Launching the Centennial Parkside Community Development Corporation was viewed as a catalyzing agent to reverse the disinvestment that has historically plagued this community of color. And though I was naïve at the time I launched the organization, I suspected our organization would encounter challenges in our ability to raise money in order to carry out our placed-based design initiatives. At one point I expressed this skepticism to my friend Jessica, who also served as an observer on the organization’s Board of Trustees; specifically, I told her that our minority-led nonprofit was at a disadvantage in obtaining the necessary funding simply because we were minority-led. She seemed to dismiss my concern as being overly sensitive. She thought I was expressing the type of sentiment suited for a bygone era. At that time I was, in her view, too new and naïve to know what I was talking about.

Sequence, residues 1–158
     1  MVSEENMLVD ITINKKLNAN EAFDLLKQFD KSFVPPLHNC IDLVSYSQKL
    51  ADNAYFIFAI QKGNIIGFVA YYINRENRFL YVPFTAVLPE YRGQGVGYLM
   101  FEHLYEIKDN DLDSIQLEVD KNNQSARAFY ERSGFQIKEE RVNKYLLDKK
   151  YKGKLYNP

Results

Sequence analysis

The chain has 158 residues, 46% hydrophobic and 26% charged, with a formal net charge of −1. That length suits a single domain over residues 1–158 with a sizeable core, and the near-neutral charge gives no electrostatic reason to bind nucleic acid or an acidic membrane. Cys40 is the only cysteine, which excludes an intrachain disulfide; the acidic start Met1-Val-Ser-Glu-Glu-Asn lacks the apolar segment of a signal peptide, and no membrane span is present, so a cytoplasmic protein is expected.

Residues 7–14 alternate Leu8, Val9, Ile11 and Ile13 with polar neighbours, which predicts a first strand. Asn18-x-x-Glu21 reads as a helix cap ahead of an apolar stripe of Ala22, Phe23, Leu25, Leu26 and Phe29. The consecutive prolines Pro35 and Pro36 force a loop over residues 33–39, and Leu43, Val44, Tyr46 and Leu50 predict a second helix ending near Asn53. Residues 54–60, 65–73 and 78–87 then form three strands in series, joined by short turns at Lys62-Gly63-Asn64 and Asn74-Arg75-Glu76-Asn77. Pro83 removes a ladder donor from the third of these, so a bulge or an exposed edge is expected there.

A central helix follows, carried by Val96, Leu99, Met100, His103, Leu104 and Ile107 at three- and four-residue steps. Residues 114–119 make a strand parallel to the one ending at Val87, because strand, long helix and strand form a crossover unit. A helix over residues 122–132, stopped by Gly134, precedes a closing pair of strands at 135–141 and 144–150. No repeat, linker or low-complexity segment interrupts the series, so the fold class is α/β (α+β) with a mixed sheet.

Soon after this conversation Jessica accompanied me on a site visit of a building I wanted to make our nonprofit’s headquarters. The building needed minor renovation to make it habitable, and we identified a philanthropic foundation that seemed interested in providing the funding we would need to renovate the property. At one point in the visit the funder, a white man, pulled Jessica aside. I was mystified as to why the funder needed to speak with Jessica privately, but ultimately they returned from their sidebar with good news; our organization would receive the grant to renovate the building.
Jessica called me on the back of the site visit, sounding shocked. Apparently during the sidebar the funder asked her how much funding she thought he should give to my organization. She thought it was strange that the funder would ask for her blessing to fund the organization since she was just a passive onlooker during the site visit; but in hindsight she connected the dots, both she and the funder were white. If I hadn’t previously expressed my concerns about the racial inequity minority entrepreneurs face, she may not have even recognized this form of racial bias in one of its most subtle forms.